- The Washington Times - Friday, September 25, 2009

UPDATED:

A senior Treasury Department official told Congress on Thursday the government’s $700 billion Wall Street rescue has been a success but didn’t hint when the bailout will end, leading to speculation the agency may seek an extension beyond the program’s scheduled end-of-year expiration.

“We still have a long way to go before true economic recovery takes hold, but there’s little doubt that we have moved back from the financial brink and toward economic recovery,” Assistant Treasury Secretary Herb Allison Jr. told the Senate Banking, Housing and Urban Affairs Committee.

Mr. Allison, who oversees the one-year-old Troubled Asset Relief Program (TARP), didn’t say whether he would seek to extend the program when it expires.

The rescue plan is credited in part with saving the financial sector from near collapse last year. But since much of its money has been used to assist the same institutions blamed for the financial crisis, the program has generated many critics on and off Capitol Hill.

The program’s infusions of money into the auto industry also has grated the public and many in Congress.

TARP’s government watchdog, Special Inspector General Neil Barofsky, told the Senate panel Thursday that Treasury has failed to exert proper transparency in the program, particularly on how recipients of TARP funds are spending the money.

“Taxpayers really want to know, and should have a right to know, what’s going on with their investment,” he said.

Mr. Barofsky added that it was “extremely unlikely” that the taxpayer will see a full return on its TARP investment.

Treasury so far has set aside $644 billion in TARP money, of which $444 billion has been committed to specific programs.

Banking committee Chairman Christopher J. Dodd warned that overall reforms are needed in the financial services industry in order to avoid future economic crises.

“Are any of us glad that we had to spend this money? Absolutely not,” the Connecticut Democrat said. “The 20th-century regulatory structure has been outpaced by the 21st-century innovations in the financial services industry, and if we don’t fix it, we could be right back where we were a year ago.”

Sen. Richard C. Shelby of Alabama, the committee’s top Republican, said he is opposed to extending TARP because it “did not address many of the core problems of our financial markets.

“We gave the administration the massive check it requested, added some oversight provisions and moved on,” he said. “A more deliberate process would have yielded a better understanding of the crisis and the need for particular actions.”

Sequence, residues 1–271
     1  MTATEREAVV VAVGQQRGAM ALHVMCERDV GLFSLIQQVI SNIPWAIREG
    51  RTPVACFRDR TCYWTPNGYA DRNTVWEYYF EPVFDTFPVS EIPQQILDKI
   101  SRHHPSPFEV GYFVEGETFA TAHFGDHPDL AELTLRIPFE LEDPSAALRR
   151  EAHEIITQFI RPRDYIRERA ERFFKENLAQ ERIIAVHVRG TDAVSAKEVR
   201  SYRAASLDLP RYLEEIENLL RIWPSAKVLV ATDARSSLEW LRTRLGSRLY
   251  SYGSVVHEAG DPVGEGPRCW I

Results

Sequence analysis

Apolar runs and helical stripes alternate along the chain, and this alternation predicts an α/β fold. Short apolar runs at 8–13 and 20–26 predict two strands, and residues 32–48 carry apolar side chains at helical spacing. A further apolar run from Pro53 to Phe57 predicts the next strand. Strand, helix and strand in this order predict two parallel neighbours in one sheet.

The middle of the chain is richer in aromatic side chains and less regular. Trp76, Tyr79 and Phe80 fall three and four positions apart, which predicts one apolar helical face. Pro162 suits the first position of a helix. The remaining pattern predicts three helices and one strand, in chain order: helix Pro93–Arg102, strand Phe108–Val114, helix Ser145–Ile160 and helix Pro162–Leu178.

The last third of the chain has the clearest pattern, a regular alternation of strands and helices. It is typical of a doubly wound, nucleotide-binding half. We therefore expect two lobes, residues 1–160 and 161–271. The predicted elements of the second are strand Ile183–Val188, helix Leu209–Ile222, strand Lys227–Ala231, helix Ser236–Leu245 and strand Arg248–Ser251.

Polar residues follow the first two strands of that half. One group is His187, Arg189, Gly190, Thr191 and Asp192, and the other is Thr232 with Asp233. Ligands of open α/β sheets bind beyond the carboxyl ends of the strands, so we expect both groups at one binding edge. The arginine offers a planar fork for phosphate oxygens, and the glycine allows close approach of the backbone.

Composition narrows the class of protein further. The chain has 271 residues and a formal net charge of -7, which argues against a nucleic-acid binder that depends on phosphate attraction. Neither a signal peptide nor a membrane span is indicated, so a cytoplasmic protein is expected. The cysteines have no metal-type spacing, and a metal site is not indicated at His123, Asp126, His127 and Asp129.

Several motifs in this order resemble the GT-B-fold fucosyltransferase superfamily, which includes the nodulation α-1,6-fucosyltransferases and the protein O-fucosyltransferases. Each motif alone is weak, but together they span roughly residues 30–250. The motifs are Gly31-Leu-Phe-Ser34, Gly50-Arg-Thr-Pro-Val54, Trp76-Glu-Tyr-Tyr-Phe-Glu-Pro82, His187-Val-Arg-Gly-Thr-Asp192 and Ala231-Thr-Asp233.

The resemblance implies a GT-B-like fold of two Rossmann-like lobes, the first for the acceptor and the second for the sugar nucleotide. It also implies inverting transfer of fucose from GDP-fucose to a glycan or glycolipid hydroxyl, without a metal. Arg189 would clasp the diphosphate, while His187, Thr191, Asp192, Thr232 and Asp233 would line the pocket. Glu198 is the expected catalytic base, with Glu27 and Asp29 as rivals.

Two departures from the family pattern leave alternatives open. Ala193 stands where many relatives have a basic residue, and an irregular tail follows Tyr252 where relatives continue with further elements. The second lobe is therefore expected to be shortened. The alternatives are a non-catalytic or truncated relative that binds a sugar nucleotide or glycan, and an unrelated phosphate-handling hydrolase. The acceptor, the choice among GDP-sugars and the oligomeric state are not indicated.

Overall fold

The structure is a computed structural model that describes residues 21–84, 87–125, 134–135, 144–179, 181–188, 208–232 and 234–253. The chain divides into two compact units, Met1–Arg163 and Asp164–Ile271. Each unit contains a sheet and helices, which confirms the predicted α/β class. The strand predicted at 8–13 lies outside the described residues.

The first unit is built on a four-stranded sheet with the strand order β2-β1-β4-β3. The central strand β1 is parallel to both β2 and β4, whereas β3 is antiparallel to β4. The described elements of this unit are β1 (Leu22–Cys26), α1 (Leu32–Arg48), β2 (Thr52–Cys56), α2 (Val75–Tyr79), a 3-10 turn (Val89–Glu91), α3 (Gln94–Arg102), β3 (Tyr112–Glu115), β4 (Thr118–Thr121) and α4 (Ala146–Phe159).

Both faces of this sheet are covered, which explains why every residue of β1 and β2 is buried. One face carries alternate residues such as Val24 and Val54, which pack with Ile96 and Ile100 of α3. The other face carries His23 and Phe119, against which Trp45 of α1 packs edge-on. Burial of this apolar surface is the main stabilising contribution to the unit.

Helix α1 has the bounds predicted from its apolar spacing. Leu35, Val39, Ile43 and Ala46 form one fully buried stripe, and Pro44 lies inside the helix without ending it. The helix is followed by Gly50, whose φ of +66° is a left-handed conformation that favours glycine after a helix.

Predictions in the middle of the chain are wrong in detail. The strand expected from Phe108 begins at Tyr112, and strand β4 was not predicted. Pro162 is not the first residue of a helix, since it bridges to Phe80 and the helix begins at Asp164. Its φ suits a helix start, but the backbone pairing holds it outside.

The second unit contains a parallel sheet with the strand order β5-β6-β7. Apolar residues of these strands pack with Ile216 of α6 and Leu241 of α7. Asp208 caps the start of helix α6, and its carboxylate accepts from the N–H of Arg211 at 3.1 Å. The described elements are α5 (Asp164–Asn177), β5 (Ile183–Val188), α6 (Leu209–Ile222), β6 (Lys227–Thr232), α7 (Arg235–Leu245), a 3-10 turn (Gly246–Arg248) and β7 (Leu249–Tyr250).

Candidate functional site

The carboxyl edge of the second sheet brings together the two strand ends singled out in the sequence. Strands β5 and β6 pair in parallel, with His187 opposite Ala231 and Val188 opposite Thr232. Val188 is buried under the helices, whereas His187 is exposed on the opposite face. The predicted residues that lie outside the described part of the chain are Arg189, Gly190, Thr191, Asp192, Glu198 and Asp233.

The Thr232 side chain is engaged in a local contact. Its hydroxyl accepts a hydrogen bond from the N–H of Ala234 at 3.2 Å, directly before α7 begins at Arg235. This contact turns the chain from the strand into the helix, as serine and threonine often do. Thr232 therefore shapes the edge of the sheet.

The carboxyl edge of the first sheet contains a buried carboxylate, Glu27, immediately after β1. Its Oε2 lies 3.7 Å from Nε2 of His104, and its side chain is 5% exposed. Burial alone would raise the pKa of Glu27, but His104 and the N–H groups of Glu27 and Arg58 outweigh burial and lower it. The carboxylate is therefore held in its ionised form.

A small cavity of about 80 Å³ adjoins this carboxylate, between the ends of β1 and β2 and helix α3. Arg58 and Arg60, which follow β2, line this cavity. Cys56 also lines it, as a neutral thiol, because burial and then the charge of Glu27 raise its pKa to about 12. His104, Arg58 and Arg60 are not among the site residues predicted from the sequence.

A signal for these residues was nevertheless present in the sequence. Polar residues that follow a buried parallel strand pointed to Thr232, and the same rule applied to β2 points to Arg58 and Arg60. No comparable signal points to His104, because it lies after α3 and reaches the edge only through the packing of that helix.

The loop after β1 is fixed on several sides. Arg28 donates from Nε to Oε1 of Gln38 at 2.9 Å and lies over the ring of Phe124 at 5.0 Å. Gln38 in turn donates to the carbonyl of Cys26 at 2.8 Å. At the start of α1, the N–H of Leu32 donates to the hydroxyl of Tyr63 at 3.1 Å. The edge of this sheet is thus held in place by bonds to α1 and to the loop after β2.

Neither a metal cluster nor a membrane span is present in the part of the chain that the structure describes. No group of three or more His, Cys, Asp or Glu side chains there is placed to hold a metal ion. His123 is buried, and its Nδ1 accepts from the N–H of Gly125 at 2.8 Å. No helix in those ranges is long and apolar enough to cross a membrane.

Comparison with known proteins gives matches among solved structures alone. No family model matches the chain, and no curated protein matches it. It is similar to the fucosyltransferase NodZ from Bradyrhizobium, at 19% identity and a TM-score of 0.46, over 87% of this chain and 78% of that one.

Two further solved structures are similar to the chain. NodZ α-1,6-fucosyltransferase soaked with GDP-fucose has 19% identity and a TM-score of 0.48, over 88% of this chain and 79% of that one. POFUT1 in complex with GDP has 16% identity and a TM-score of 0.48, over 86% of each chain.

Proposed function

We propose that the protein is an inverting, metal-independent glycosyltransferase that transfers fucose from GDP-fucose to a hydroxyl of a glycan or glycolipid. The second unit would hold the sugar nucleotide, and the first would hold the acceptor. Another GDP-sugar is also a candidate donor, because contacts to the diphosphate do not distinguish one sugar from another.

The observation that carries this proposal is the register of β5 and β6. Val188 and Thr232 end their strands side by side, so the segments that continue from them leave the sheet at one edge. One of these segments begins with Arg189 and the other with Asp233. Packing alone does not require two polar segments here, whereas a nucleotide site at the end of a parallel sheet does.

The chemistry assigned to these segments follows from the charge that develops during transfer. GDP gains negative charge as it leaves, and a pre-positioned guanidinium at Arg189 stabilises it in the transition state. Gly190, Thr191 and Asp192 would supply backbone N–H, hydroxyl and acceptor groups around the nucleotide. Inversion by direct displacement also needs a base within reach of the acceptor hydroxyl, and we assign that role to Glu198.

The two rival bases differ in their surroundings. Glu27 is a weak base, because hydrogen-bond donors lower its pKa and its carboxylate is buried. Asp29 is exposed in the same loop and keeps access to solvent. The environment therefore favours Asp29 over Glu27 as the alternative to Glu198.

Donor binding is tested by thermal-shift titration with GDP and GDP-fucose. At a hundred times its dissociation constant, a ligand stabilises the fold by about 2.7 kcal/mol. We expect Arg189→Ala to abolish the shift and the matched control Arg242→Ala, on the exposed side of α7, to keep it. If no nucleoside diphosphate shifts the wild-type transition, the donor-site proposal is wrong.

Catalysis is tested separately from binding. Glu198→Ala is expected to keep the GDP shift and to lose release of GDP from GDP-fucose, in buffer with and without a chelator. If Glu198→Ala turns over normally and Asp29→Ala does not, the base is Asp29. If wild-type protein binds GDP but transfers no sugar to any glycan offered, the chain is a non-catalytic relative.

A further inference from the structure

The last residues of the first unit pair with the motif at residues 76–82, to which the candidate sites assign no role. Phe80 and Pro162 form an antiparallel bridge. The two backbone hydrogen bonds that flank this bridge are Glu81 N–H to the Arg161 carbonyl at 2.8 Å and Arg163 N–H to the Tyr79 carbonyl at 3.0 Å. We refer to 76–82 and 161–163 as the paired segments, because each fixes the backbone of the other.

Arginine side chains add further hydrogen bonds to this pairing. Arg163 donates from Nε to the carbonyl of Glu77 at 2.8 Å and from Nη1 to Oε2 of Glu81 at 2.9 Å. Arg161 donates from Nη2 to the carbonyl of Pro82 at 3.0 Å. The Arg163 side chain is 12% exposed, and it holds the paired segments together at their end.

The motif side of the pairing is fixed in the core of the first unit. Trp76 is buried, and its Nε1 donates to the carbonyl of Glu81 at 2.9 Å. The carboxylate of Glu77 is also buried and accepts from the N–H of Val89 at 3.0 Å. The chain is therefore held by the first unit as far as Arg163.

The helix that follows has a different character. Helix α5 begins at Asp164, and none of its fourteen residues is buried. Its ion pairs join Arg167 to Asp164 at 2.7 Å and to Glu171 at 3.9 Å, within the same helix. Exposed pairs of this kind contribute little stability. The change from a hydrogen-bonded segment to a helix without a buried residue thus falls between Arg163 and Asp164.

Mr. Allison told the panel that declining commercial real estate prices may continue to weigh down bank balance sheets and prolong the current recession.

“The use of these programs, by design, will decline as the financial system recovers,” he said. “But we must remember that our economic recovery has just begun, and significant parts of the system remain impaired.”

The government’s $700 billion Troubled Asset Relief Program will expire at the end of the year unless an Congress approves an extension.

“This program ends either the end of this year or no later than next year,” he said.

On the other side of the Capitol, Rep. Paul W. Hodes, New Hampshire Democrat, lead a bipartisan group of 28 House members Thursday urging Treasury Secretary Timothy F. Geithner not to renew TARP, saying that the program has been plagued by waste and poor oversight.

“This program to bail out banks on the backs of working families across the country is not the best way to help our economy, or a good use of taxpayer dollars,” said the lawmakers in a joint letter to Mr. Geithner.

Despite Treasury’s cautious outlook of the economy, the agency already has begun to wind down several TARP initiatives, and promises to close out the program as quickly as possible without harming the economy.

The Federal Reserve also said Thursday that it was scaling back two emergency lending programs as the economy improves, the Associated Press reported.

The Fed will reduce the amount of money available to banks in short-term loans under a program called the Term Auction Facility, or TAF. For 84-day loans, the Fed will provide $50 billion in loans in October and $25 billion each in November and December.

The total for the TAF loans, which offer an interest rate of 0.25 percent, peaked at $150 billion in June.

The Fed also said it was cutting back on a program in which investment firms can temporarily swap risky securities for “super-safe” Treasury securities. The Fed says $50 billion worth of Treasury securities will be made available for October, down from the current $75 billion. Operations in November and December will be trimmed to $25 billion each.

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